Influencer Analysis (Jessica Klement): There is a common negative image of Feds and a general distrust of government. Detractors are motivated by ideology and monetary concerns and they all have same anti-Fed narrative. This network of distractors, which includes donors, think tanks, “adversary” organizations, and media outlets, is dense and interconnected. The NARFE-allied organizations have the same objectives, but their approaches are different and they are not so interconnected. There are five distractor narratives: no Fed value for the expense; lack of transparency; hindrance to deregulation; privatization can solve any and all issues; and Feds have an “agenda” (this is a growing concern). Need to coordinate messaging with allied organizations and promote their actions. Need to counter the hostile narrative through “storytelling”, which emphasizes what Feds do and to promote greater recognition.
Themes and Recommendations (Barb Sido): There is a need to determine clarity through external evaluation of NARFE. Membership is not the only issue, and NARFE needs a different focus. The core mission of NARFE should be to serve as the first “go-to” for Feds and must be a voice for ideas. A strong federal community implies a strong NARFE and more members means more non-dues (i.e. advertising) revenue. Operational ratios are a benchmark with the objective being more programs with less administration. We want a fully integrated website with better search direction. Need a strategic view of partnerships with regard to their value for NARFE. A “branding bible” is in production.
Chapter Development (Bridget Boel): The Marketing Committee is developing a manual, which will cover logistics, communications, advertising, and leadership development. Optional chapter membership (OCM) raises questions as to whether chapters are relevant and is it worth paying the dues for membership. The purpose of a local chapter should include grassroots, education, and recruitment. Chapter meetings must be relevant, inclusive, and enjoyable. Communication includes newsletters, email, websites, social media, and advertising.
Communication with National Members (Helen Zajak, CA): Reviewed the history of the NARFE eChapter from its formation in 2011 to its disbanding at the National Convention in Reno NV in 2016. At that time, the eChapter had about 32,000 members and an over representation of about 600 delegate votes. Chapter membership is shrinking, potential new members are not joining, and volunteers to serve as congressional district liaisons (CDLs) are hard to find. The NARFE Email System is limited (e.g. district Vice presidents cannot send emails through it). The OAM replacement (AMS) should be available by January 2019. NARFE still remains the “best kept government secret”.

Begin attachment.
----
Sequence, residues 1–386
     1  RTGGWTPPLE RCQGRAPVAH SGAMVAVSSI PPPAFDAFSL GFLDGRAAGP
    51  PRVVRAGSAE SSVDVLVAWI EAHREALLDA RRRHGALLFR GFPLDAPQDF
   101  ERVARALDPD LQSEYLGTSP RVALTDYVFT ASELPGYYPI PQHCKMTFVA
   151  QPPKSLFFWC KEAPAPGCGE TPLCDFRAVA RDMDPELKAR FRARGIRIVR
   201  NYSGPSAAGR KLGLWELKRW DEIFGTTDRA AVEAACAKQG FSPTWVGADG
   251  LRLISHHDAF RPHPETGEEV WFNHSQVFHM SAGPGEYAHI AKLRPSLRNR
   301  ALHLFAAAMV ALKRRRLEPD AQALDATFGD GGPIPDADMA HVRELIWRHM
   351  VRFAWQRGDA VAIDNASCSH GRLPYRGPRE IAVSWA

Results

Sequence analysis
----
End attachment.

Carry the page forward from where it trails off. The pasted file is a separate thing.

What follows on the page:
Association Management System (AMS) (Mr. Johan deCastro): He described the present Online Access Management (OAM) system as fragmented and antiquated with a lack of database integrity. The analysis staff and Configuration Administrative Board (CAB) issued a request for proposal (RFP) and the firm ProTech Associates was selected. Their AMS aims to improve staff efficiency, provide interactive and improved reporting and analysis, as well as ease of use. The cost will be about $375K for the first year, with about $85K per year to maintain thereafter. A “soft launch” is planned for January 2019.
Best Practices Panel (NC Delegation, 3 persons): The panel reviewed the progress in adopting the revised bylaws to accommodate OMOV and OCM in the state of North Carolina. They consider the paper ballot process (5,500 mailed) to be a success despite only a 15% rate of vote return. They work with federation membership on such issues as dues, incentives, training, health fairs, and the Blue Cross/Blue Shield program. There is a three year Strategic and Operational Plan that includes a “laundry list” of measurable action items that emphasize core functions. The federation stresses use of the Go-to-Meeting option, which can record meetings and use bulk mailing and pickup points for paper ballots.
Federation Presidents-Only Meeting – Sunday, 26 August